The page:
So prices in real estate can trend more fluidly than they do in other industries, because each price reduction is an individual decision made in some household in the real estate market. This fluidity allows real estate professionals who closely study the market to be able to project current and near-future market trends (my projection for 2009 in September of 2008 was spot on).
But we are about to experience a major change to this "fluidity" and it is entirely more significant than the Homebuyer Tax Credit!
Distressed Properties Will Centralize Pricing In The Housing Market
There is a Walmart looming around the corner in the real estate industry. This giant is going to come into the real estate market and play havoc on the traditional fluidity of pricing that we have enjoyed. Who is this real estate giant? What are they going to do?
The banks and investors who hold the mortgages on the 50+% of the housing market where negative equity positions exist will one day have to start making some decisions. It has been reported that more than 1 in 4 home loans in America are in default (distressed properties) and more than 1 in 2 owe more on the home than it is worth.
Banks have been slow to foreclose on these properties and the shadow inventory of distressed properties has been growing. In Tallahassee alone, we have reported that these homes number over 5,000 (which is more than a year's supply of housing). When the banks finally do decide to act o these, there actions could be swift.
If they take ownership of the large portion of these properties that will not be sold at foreclosure, then the real estate market will have a new centralized supplier which will very much parallel the giant retailer Walmart. They will hold a large inventory of homes they do not want, and they will slash prices to rid themselves of these troublesome assets.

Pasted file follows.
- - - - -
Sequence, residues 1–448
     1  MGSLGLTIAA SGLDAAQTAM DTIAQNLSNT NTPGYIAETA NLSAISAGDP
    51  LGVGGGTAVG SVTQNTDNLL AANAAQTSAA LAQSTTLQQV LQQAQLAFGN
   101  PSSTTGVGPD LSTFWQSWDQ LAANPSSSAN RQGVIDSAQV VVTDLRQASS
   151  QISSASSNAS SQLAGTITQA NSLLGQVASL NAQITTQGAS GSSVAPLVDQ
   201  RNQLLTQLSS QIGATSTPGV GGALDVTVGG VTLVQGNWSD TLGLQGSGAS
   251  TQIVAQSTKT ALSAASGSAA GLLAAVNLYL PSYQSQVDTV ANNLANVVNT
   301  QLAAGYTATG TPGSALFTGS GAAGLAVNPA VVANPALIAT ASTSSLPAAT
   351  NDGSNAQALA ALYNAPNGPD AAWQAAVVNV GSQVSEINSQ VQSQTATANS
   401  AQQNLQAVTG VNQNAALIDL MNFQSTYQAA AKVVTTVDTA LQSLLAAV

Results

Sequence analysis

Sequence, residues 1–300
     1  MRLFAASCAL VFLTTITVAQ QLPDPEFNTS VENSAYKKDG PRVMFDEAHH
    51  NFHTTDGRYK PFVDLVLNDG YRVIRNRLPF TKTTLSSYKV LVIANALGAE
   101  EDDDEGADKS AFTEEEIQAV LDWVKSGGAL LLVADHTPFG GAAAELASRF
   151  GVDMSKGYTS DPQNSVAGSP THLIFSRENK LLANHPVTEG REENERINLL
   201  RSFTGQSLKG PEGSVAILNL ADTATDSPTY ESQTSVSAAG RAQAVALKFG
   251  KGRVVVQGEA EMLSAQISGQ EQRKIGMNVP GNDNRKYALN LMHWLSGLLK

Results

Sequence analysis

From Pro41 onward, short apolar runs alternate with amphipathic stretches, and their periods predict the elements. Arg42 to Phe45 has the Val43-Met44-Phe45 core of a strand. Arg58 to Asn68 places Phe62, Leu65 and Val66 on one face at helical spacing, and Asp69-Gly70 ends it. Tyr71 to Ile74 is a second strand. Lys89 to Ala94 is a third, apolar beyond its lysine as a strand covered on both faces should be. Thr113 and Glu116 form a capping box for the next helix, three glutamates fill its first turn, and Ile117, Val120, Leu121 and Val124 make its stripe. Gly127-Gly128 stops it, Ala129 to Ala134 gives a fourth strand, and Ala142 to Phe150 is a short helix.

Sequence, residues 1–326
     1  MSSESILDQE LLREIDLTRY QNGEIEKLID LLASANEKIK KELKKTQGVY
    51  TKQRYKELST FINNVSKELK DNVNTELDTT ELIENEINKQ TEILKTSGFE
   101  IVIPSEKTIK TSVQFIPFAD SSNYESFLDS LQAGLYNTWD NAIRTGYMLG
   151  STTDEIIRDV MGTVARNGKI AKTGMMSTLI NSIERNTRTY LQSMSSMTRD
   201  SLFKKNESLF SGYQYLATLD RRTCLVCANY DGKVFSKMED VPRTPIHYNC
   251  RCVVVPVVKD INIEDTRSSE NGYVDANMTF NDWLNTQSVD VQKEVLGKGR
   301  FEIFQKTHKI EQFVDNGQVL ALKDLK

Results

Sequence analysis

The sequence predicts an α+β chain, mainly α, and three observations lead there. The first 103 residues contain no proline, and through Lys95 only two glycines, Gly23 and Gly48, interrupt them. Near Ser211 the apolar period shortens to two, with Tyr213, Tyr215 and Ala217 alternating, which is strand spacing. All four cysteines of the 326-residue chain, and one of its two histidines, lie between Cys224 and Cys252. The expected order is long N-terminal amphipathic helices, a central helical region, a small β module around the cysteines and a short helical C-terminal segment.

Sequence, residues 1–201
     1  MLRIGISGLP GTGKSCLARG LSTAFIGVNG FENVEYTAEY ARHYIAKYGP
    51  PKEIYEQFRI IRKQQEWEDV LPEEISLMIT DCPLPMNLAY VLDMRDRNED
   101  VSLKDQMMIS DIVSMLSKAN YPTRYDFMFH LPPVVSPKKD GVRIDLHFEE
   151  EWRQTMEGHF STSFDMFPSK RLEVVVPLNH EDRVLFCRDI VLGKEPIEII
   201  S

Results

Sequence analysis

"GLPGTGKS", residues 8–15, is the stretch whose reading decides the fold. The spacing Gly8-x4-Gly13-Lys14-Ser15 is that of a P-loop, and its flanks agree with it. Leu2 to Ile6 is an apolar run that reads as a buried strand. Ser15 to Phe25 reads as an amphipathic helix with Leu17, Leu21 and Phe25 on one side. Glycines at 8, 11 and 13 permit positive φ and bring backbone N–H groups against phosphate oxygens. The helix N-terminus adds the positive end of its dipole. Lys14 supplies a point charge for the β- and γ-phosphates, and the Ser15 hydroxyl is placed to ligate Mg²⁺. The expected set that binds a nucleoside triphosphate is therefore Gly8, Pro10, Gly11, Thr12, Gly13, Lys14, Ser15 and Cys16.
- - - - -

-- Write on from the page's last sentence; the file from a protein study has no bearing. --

Bank Behavior Will Determine The Shape Of The Housing Market Recovery
So back to our thoughts of "U" shaped versus "V" shaped recoveries. If banks act swiftly, we will see a "V" shaped recovery. Prices will be slashed, buyers will flood the market to take advantage of "deals," and unit sales will soar. If banks act slowly, then I suspect we will spend some time at market bottom.
Prices will continue to decline, but unit sales should slump along between the levels that we saw at market bottom and the level that we are at now. This will continue as we work to consume not only the current glut of homes for sale, but also those that will move from the shadow inventory into the inventory of homes for sale in the active housing market.
So, keep your eyes on the banks. Their actions will tell us all we need to know about the near future of the housing market. Too much emphasis is being placed on the Homebuyer Tax Credit, as it has had a significant effect on the lower end of the market, and nearly no impact on the upper end of the market.
We can find evidence of this (in Tallahassee for example) with inventories dropping nicely in homes priced below $200,000. But the Homebuyer Tax Credit offers little incentive for somebody purchasing a more expensive home, so high-end homes will be facing pricing pressures until we see real estate inventories return to traditional 6 months supply levels.